By Wendel Abel, I AM WHAT I THINK
Discipline them ... yes, but don't beat them
Eulalee Thompson's article on the corporal punishment of children, published in the June 20 edition of Health, stirred quite a bit of feedback from readers and many of them were either confused or still searching for answers. This is a follow-up article.
Let me state my position clearly. I grew up in a home where we were never beaten and where other strategies were employed to shape our behaviour and maintain discipline. As a result, I do not support corporal punishment. In far too many homes in this country what is considered to be discipline is really the wanton and cruel abuse of children. Consider these points:
1. Not because it was done to you means it is right. Many persons support the spanking and beating of children on the basis that, 'that is how my parents brought me up'. This has been, and still is, a very violent society. Slavery has left us a vicious legacy of abuse and violence. Abuse is abuse, and we must call it what it is.
2. It makes a difference how you see your child. There is no such thing as a 'bad' child. Children are innocent human beings and they learn what they live and live what they learn. Desist from using the phrase 'a bad child'. The child may be displaying inappropriate or acting out behaviour.
3. The heart of the problem is in the family. Many times when a child starts to display acting-out behaviour, the problem arises within the family. There may be family conflict, parents may have migrated, or the family may be on the brink of a break-up. Whenever the family is unhappy, the child becomes unhappy, and very often this unhappiness manifests itself in the form of acting-out behaviour or a deterioration in the child's performance in school.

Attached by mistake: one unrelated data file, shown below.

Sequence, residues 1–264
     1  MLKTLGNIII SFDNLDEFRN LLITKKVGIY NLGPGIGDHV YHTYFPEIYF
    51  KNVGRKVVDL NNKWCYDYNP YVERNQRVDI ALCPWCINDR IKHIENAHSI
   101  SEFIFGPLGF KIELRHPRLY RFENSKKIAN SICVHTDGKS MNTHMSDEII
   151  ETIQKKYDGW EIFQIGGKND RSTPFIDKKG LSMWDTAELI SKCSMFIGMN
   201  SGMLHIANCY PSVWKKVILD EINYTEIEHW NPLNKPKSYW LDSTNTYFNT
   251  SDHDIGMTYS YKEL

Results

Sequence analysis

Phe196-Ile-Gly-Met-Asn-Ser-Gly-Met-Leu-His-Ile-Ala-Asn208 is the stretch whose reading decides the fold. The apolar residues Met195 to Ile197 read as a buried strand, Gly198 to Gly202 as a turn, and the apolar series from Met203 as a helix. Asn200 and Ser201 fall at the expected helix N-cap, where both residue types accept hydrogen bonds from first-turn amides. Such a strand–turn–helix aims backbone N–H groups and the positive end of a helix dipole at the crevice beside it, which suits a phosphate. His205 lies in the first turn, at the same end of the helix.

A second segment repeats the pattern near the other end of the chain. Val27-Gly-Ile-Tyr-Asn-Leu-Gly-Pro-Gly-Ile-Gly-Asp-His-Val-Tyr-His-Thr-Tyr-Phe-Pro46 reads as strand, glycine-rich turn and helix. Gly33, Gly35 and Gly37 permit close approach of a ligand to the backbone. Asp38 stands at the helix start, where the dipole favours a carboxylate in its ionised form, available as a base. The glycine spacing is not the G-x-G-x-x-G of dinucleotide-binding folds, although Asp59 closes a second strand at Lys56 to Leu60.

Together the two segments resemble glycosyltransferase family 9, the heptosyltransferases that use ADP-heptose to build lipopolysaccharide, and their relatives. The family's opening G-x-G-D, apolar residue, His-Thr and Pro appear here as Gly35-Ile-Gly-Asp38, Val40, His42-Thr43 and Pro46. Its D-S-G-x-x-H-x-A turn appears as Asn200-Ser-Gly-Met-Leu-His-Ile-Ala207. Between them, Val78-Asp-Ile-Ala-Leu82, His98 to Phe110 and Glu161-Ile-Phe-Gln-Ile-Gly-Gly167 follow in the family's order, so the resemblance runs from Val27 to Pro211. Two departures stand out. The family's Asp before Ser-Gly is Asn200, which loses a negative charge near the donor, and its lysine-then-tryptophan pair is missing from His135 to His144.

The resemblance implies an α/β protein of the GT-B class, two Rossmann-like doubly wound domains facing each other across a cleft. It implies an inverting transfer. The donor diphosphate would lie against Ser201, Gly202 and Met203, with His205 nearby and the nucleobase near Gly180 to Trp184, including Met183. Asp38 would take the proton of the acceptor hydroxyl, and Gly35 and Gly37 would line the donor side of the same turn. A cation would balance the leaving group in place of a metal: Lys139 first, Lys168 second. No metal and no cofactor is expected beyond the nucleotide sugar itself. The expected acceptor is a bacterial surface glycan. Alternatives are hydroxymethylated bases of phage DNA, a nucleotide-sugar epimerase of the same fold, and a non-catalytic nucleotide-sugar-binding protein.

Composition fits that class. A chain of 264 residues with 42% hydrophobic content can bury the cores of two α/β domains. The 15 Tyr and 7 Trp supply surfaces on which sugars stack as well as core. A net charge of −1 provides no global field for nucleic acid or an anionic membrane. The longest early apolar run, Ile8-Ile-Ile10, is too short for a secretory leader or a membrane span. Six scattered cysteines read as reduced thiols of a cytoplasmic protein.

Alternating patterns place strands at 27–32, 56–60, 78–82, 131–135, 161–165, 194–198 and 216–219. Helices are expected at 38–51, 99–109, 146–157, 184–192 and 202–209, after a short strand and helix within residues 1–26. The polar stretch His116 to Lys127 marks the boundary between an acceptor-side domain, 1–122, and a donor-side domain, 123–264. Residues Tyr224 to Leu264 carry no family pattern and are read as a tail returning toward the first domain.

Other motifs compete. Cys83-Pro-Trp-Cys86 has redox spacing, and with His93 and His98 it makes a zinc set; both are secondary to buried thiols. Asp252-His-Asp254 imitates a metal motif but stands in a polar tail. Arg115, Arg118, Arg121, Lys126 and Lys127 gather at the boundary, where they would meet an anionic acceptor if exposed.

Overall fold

4. Set clear rules and consequences. It is important that parents set clear rules and consequences. For example, if you have a child who consistently comes in late, you should state clearly what time you expect the child to return home in the evenings and the consequences for not doing so. The consequences should be implemented if the child fails to follow the rule. Parents should both agree on these rules and consequences, and they should not undermine each other's authority.
5. Communicate using 'I Message': Your child did not do his/her homework and got a low grade. Instead of attacking the child and telling the child how worthless he or she is, communicate your feeling by saying: "I am very disappointed in your performance. I had expected you to do your homework and to do better in class." This is an 'I Message'. It states how you feel about the child's behaviour and it also states what you expect.
6. Do not pile up the garbage. Some parents make a list of all the bad things the child does. During an argument or when something goes wrong, the parents just throw out the garbage all at once. Do not focus on the unpleasant things and point out all defects all at once. That is a terrible thing to do. These insults, criticisms and listing of faults can damage the child's spirit and leave emotional scars that take a long time to heal.
7. Exit and wait. Whenever there is a confrontation with you and your child, state what you have to say quietly and briefly and exit, then wait for action. Do not enter into a shouting match with your child. This often results in harsh words being said in anger, and this you may later regret.
8. Stay short and to the point. State a particular rule or consequence briefly. Do not prolong arguments with your child. The preaching and teaching can sometimes turn your child off.
9. Speak in one voice. Parents should agree on how to discipline a child. Do not undermine each other, especially in front of a child. Children will take advantage of disagreements between parents. This is especially so in situations in which the parents are not getting along or are separated.
Dr Wendel Abel is a consultant psychiatrist and head, Section of Psychiatry, Dept Of Community Health and Psychiatry, University of the West Indies, 977-1108; email: yourhealth @gleanerjm.com.